Its homely, a bit rustic and as sweet and comforting as all good apple pies should be!
For my pie I decided to not cook the apples but to tumble them in plenty of brown sugar, cinnamon and lemon juice - and add a little almond essence as I just love the flavour.
I found not cooking them before to be the best way to avoid a "soggy bottom" and give that lovely full shape whilst holding up the lattice design.
I have learnt that I don't need to be afraid of pasty any more-
like most aspects of cooking its about learning from experience and this little baking escapade has given me a lot more confidence with making pies again...
and now I have this beautiful pie dish I'll have to!
Below is my straightforward Apple pie;
I'm not going to lie I used pre-bought pastry, the reason being that it is so much cheaper and quicker to use and being mama usually means you don't have the time to set about making your own perfect pie crust when little hands want to get involved.
I know that Mary Berry herself uses ready to roll pastry at times so I don't feel too bad!
It's important to remember that even though it is ready made you can still have a pasty disaster if you don't handle it correctly so I've included a few tips I've learned along the way to ensure your pie comes out of the oven in one piece...!

Apple Pie
Shortcrust Pasty: Enough for the bottom and top of your pie dish-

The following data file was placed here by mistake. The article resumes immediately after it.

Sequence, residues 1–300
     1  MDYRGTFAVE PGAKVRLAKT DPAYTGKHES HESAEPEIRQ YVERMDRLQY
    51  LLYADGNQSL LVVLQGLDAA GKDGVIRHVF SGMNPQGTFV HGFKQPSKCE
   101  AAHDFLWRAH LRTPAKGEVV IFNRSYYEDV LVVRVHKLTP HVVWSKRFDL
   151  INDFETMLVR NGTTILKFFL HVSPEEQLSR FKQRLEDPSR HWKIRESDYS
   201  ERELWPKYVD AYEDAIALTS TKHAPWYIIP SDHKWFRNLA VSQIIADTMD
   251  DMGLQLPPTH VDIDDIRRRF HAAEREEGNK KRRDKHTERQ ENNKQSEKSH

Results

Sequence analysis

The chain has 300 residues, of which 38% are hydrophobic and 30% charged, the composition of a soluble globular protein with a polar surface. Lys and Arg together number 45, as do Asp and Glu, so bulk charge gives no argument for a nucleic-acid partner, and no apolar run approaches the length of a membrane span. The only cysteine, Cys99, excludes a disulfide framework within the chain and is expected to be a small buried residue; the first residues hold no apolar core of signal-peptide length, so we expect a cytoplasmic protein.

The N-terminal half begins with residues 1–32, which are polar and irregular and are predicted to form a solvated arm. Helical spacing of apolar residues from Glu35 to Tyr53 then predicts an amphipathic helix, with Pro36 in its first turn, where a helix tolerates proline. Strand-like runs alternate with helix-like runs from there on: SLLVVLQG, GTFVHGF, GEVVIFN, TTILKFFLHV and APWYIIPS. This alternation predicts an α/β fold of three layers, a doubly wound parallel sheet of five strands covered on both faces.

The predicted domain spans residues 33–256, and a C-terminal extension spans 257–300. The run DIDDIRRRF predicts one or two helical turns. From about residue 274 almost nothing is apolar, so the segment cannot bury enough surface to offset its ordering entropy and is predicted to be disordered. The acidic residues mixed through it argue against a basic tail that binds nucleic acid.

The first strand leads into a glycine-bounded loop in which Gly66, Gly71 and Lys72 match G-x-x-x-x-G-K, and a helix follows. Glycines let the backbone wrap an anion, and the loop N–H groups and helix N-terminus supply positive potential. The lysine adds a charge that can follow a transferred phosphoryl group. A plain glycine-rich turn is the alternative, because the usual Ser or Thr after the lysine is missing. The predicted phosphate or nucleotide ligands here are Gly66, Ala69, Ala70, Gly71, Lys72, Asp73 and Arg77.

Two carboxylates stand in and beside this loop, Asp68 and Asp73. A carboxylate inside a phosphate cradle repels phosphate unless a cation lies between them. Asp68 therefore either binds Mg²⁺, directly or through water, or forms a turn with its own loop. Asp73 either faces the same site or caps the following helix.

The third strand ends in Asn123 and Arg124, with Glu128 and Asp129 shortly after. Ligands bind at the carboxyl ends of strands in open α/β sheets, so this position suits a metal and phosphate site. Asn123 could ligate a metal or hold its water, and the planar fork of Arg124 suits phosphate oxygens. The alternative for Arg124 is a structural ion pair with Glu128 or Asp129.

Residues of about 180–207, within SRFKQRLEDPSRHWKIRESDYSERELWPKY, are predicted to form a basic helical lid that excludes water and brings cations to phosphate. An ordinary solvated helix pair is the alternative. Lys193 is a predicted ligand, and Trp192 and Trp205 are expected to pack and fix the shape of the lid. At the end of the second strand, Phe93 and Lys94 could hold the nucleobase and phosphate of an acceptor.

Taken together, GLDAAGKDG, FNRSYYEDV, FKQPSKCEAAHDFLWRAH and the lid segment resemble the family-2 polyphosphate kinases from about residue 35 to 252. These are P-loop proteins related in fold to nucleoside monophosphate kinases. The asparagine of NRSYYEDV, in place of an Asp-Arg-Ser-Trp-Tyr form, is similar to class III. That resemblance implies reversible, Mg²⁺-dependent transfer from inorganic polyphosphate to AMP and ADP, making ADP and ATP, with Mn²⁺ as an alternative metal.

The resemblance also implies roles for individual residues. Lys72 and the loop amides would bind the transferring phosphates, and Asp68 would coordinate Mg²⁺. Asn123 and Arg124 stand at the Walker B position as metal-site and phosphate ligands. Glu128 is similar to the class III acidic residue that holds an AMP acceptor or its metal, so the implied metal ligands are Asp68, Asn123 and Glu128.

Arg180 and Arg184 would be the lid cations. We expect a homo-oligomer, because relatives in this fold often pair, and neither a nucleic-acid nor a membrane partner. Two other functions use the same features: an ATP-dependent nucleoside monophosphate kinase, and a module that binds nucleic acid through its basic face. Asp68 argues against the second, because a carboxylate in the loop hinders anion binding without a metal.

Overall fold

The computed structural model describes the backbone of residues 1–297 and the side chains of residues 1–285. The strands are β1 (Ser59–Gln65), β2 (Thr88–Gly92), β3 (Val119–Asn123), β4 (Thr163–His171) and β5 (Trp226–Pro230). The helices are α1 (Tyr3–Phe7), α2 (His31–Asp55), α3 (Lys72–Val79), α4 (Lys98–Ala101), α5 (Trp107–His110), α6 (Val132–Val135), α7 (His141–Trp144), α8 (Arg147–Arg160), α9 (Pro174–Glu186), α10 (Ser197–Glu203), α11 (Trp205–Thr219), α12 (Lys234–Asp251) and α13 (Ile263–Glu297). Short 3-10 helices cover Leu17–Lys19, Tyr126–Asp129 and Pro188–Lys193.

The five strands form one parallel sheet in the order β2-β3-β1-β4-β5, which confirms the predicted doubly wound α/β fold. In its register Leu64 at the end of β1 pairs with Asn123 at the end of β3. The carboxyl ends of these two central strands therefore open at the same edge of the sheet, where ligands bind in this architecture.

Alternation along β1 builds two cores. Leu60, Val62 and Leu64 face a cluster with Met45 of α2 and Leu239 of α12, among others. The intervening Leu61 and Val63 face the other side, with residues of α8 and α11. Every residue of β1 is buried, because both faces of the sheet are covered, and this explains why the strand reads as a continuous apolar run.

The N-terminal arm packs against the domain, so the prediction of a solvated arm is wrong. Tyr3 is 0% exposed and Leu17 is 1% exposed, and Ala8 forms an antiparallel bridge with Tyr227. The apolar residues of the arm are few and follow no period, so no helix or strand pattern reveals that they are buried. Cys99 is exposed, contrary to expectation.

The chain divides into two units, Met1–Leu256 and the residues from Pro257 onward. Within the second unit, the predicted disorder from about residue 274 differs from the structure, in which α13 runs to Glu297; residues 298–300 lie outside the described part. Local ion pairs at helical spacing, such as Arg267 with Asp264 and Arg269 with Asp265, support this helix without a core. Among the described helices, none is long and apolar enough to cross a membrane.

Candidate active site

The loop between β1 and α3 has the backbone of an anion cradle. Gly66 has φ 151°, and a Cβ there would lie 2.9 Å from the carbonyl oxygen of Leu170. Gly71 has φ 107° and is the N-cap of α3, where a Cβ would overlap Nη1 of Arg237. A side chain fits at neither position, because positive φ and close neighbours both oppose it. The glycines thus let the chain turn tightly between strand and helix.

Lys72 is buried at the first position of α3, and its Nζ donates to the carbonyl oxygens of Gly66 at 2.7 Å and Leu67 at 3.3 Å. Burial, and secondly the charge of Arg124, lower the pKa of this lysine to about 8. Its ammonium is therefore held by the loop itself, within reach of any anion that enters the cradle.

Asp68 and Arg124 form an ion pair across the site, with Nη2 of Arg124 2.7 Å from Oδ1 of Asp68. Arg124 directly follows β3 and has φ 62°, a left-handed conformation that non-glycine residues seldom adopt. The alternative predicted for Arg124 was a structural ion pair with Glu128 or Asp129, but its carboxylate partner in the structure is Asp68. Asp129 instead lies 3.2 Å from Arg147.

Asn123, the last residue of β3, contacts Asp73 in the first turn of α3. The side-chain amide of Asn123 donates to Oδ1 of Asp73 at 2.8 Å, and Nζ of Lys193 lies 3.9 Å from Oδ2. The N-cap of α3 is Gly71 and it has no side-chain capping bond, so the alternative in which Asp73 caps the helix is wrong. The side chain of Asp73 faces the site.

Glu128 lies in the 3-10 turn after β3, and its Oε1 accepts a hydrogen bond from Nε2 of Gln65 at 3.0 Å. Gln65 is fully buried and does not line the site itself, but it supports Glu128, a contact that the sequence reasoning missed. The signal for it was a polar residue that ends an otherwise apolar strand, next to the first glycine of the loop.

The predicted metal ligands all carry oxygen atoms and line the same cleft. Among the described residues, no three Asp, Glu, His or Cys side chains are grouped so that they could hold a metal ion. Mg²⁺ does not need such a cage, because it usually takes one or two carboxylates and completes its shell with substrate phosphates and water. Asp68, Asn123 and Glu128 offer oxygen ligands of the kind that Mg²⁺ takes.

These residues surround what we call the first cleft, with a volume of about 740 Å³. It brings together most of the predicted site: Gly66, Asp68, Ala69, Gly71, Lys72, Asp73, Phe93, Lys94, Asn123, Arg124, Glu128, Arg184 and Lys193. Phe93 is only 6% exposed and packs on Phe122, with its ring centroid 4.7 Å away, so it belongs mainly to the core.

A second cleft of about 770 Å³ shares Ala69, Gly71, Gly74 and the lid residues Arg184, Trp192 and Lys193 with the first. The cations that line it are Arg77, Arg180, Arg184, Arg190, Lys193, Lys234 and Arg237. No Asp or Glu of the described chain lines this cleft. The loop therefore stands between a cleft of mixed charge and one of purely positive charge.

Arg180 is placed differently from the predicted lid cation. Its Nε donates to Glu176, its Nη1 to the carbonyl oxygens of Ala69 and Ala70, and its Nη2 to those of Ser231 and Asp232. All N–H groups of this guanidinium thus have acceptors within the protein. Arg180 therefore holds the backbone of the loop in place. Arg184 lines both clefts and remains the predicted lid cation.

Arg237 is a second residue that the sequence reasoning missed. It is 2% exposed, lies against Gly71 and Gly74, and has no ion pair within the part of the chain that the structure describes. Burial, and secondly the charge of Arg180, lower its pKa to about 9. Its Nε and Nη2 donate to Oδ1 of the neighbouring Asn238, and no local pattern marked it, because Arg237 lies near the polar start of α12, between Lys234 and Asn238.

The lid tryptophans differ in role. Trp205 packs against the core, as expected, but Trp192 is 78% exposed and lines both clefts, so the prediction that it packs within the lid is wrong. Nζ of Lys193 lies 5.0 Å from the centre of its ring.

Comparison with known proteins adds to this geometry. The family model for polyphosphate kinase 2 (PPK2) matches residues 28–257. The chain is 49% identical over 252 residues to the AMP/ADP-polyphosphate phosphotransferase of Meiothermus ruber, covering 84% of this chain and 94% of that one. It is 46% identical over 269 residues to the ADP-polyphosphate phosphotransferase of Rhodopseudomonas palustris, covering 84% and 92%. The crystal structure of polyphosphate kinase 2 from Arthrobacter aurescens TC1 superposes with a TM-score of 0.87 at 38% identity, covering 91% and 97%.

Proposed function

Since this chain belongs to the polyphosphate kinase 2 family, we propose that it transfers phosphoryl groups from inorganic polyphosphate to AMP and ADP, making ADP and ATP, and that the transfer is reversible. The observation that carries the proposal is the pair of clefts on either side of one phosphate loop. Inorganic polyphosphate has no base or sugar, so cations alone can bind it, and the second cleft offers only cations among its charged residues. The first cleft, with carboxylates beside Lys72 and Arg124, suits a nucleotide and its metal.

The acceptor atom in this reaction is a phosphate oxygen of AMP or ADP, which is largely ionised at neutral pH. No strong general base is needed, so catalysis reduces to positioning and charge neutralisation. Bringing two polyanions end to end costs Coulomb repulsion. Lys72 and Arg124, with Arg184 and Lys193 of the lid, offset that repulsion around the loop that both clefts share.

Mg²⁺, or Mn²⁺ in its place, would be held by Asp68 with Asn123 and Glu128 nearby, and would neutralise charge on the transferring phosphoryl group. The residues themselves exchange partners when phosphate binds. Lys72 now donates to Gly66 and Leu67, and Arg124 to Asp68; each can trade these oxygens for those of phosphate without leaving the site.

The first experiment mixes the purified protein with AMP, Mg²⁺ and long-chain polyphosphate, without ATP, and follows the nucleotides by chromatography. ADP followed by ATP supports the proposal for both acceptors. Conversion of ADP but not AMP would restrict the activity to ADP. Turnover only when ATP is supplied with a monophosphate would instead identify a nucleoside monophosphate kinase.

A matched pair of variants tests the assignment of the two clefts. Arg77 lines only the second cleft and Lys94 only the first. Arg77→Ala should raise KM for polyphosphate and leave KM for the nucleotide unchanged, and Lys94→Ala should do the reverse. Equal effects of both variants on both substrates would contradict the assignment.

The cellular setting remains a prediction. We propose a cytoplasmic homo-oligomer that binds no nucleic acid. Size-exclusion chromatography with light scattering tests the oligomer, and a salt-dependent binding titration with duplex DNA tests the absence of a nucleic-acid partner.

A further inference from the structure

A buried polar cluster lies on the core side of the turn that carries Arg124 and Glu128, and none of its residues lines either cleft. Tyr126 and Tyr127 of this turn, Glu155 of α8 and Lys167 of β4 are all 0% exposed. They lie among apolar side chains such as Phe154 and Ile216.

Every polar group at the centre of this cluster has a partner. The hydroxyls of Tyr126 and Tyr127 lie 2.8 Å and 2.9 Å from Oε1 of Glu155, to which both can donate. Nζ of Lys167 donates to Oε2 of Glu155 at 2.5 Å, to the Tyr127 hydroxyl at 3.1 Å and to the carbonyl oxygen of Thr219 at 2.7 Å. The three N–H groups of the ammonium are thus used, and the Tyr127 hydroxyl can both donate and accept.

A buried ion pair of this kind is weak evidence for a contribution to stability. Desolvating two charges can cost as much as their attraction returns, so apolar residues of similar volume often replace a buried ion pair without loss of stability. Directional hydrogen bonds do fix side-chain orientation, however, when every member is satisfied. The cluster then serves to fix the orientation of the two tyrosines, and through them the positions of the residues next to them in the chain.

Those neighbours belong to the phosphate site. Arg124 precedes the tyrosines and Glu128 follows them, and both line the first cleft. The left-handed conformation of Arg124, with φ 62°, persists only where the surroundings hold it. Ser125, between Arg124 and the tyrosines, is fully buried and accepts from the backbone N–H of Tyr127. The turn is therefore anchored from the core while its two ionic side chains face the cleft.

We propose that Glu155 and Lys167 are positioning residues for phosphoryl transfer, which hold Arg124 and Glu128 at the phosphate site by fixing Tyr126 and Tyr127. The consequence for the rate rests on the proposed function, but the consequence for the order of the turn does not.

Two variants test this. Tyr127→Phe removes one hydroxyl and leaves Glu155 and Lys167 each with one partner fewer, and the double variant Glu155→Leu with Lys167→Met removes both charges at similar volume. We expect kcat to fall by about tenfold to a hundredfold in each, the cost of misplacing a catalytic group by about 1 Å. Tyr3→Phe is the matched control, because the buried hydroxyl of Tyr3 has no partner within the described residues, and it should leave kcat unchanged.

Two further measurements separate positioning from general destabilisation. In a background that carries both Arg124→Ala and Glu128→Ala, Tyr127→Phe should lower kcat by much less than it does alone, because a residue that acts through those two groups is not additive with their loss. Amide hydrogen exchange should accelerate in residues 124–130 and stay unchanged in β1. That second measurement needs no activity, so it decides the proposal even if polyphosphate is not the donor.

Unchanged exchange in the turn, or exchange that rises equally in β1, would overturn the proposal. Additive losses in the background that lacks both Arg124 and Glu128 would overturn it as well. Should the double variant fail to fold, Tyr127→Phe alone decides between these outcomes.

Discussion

mine was 26.5cm and two packs of pastry was plenty
For the Filling:
6 Large Bramley Apples (you can also use Golden Delicious for a sweeter pie)
200g of Soft light brown sugar
1 Tsp of Cinnamon
2 Tsp Lemon Juice
1 Tbsp Plain flour
1 Tsp Almond Essence
        Egg white and additional caster sugar for the top
Peel, Core and slice the apples into medium slices, combine all the ingredients in a bowl before adding the apples and toss well, until the apples are coated. Leave to one side.
Line your dish with the pastry leaving a little hanging over
Tip: Try to roll the pastry out quickly and ovoid over working the dough;
if you have to roll it up and start again, put it in the fridge to harden the butter.
Roll out your second amount of pastry and cut into twelve, one inch strips
Tip: use a sheet of greaseproof paper as a base, then weave the strips into a lattice.
This can be tricky when placing on top but looks much neater than weaving on top of the apples!
Add the apples to the unbaked pie crust, brush the edges with a little egg white then swiftly slide your lattice on top.
Trim around the edge, but again leave a little pastry hanging over the edge.
Crimp using your fingers or a spoon handle, brush the top of your pie with egg white and sprinkle with caster sugar.
Tip: I decided here to put my pie in the freezer for about 45 mins
this causes the butter to harden and prevents the crust from shrinking before the pastry is cooked!
Cook the pie at 190°C  for around 8-10 minutes or until it looks golden on top;
Cooking the pastry quickly keeps it in place and prevents it going soggy and/or shrinking in my experience.
Then move into the lower part of the oven and cook for around an hour at 150°C-
if the top looks like it may catch cover lightly with tinfoil.
Allow your pie to cool slightly before carefully trimming the excess pastry from the edges.
I chose to do this after cooking but it's up to you!
Serve warm with thick double cream or custard. Or both.

There's nothing better than a home cooked pudding,
And I love the idea of passing on traditional recipes to our children and grandchildren.
Family cooking is all about sharing, learning and creating memories together in the ordinariness of our day to day life.
So get making some pie,
if I can do it anyone can!


N.B : This was a collaborative post with Tala who kindly sent me a selection of their beautiful bakewake however recipe and all opinions are entirely my own.